Growing up, I didn't have a lot of privacy. My room was basically a hallway, as the only door to my the room my brothers shared was right by my bed. Most of my friends had their own bathroom but in our house, we all five shared one. It never bothered me much, but I've come to realize years later that because of this, I like my space. I enjoy being alone. I never consider myself "bored" and could spend hours just lounging and reading a book undisturbed. With a toddler, however, "me" time doesn't come easily. I have to really work for a few minutes of silence. It may sound bad, but I find this quiet time crucial to staying positive and patient throughout the day.
It doesn't have to be sprawling out in a hammock for three hours, reading a juicy romance novel and eating bon bons (although that does sound amazing). I'm happy with twenty minutes of flipping through a magazine and painting my toenails. As long as my mind and body feel rejuvenated by the end, I consider the "me" time a success. We all need this time, and I'll give you a few reasons why.
1. You'll actually be more productive.
It's hard to believe that taking time for yourself can increase productivity, but it's true. When you're surrounded by people, it's easy to get distracted. When you're alone, you can focus more effectively and concentrate fully. Even if you're just taking time to rejuvenate, ideas and inspiration will flow much better and faster when you're alone.
2. You'll be a better decision maker.
Oh man, I am the worlds worst when it comes to making big decisions. I can choose Burger King vs. Chick Fil A all day (CFA, duh) but when it comes to the big stuff, I really struggle. According to Elizabeth Lombardo, PhD, author of A Happy You: Your Ultimate Prescription for Happiness, doing something creative, whatever it may be, is the best way to facilitate brainstorming. When you're struggling to make a difficult decision, picking up a sketch pad, working with clay, gardening, or writing may be the best antidote. The act alone-not the end product-flexes and recharges your "idea muscles", which can help you think differently as you continue working through the challenge.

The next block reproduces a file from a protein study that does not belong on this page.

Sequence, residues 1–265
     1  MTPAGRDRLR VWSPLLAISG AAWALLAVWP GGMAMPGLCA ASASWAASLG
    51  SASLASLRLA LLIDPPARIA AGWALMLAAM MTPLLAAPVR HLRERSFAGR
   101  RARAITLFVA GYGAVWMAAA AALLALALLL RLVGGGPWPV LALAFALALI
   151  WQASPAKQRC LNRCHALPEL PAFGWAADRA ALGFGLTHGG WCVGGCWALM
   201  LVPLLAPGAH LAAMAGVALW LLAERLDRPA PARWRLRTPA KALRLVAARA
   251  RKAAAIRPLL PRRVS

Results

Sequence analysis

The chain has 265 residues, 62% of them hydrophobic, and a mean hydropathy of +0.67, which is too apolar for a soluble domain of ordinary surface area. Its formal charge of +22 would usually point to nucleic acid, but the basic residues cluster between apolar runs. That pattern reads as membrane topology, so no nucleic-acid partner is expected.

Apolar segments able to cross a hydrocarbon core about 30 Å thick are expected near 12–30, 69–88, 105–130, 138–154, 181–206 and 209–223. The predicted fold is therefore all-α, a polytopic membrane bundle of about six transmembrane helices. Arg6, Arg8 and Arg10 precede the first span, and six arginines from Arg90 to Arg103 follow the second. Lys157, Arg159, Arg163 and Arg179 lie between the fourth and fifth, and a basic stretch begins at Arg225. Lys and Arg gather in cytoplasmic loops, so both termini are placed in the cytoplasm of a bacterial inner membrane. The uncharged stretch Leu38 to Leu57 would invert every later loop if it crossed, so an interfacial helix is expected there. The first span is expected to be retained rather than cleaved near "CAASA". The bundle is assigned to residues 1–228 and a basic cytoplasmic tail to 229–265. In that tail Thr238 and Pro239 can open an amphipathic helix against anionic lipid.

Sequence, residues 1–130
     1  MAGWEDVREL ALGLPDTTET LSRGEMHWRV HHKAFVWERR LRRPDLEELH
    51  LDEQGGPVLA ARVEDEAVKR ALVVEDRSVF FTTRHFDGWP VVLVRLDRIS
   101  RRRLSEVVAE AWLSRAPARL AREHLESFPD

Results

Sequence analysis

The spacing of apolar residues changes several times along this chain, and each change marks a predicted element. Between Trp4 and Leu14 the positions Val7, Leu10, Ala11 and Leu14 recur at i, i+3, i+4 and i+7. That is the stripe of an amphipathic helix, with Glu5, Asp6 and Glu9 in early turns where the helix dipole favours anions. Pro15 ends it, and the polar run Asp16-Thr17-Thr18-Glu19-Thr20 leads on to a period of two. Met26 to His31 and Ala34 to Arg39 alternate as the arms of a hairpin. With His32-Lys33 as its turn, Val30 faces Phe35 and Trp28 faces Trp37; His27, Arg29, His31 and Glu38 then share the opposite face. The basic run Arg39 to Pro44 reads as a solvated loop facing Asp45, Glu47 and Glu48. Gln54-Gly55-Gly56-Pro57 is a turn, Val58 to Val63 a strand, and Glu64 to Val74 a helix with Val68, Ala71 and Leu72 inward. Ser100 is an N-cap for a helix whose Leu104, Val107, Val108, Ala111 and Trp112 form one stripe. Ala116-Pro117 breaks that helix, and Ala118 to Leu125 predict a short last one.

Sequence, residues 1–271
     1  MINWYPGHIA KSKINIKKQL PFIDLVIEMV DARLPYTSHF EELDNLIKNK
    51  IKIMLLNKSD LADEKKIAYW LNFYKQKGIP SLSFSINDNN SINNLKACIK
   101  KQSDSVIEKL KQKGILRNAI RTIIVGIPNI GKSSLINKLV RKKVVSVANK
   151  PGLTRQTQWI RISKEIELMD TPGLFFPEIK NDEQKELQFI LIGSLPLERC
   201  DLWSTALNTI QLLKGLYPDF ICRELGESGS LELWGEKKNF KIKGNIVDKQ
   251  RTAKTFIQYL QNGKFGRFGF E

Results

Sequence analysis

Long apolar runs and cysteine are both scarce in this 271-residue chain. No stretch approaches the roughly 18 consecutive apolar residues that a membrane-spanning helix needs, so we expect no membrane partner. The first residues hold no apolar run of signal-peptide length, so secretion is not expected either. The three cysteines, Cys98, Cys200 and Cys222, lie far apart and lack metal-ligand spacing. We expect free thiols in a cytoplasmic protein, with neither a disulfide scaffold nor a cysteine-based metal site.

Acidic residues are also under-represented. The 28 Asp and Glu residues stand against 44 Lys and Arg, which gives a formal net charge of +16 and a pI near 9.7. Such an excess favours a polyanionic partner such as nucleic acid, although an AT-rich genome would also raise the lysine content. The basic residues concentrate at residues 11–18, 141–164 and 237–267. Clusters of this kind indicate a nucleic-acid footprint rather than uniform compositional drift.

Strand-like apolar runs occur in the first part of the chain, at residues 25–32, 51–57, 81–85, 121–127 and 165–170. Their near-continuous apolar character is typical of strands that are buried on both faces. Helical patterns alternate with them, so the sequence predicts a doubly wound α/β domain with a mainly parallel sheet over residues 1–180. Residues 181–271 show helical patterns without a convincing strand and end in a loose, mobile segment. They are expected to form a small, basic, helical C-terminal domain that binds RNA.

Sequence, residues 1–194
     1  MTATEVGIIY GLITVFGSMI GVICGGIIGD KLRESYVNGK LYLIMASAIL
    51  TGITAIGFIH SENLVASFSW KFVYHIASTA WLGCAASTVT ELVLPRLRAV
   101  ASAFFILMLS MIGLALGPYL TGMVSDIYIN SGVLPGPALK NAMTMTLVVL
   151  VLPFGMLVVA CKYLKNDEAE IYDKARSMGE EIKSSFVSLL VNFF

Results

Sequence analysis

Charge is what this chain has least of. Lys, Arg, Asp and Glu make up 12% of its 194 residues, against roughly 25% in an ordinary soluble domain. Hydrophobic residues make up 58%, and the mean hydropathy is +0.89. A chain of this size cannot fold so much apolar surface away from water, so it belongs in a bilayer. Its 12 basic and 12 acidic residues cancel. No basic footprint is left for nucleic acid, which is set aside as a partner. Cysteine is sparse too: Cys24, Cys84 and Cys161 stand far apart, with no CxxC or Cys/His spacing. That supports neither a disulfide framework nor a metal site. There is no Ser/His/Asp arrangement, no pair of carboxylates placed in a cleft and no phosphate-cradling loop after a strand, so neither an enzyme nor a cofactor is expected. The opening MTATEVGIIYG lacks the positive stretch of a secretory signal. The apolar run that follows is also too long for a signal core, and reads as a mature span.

3. Your memory is better.
According to a Harvard study, people form more accurate and enduring memories if they believe they're experiencing something alone. If you're relying on your memory to do your work, absorbing the needed information alone has its perks.
4. You're more creative.
When it comes to fresh perspectives, alone time is pivotal. When we are alone, we can readily enter into metacognition, the process of thinking critically and reflectively about our own thoughts. Stale ideas become new and fresh. Being alone means you stop absorbing other peoples' ideas for a time. We often don't realize how much other people influence us and our opinions. Stepping away from the constant push of others allows creativity to thrive.
5. It helps you get a better night's sleep.
Each night when we're sleeping, our minds process the day's events, consolidate our memories and digest emotions, according to Shelby Freedman Harris, PsyD, director of the Behavioral Sleep Medicine Program Sleep-Wake Disorders Center at Montefiore Medical Center in New York. Not only is it tough to fall asleep when your mind is running rampant, but, according to Harris, many people who are stressed or anxious "report spending most of their night physically sleeping, but feeling like their minds never fully turned off." To improve your sleep (and the healing process that goes with it), Harris suggests taking an hour before bed to engage in a "gentle" and "single-focus" activity, like painting your nails or reading a book, which will eliminate multi-tasking or otherwise stress-inducing conversations (even if they're just about who will pick up the kids tomorrow) and prepare your mind for deep rest.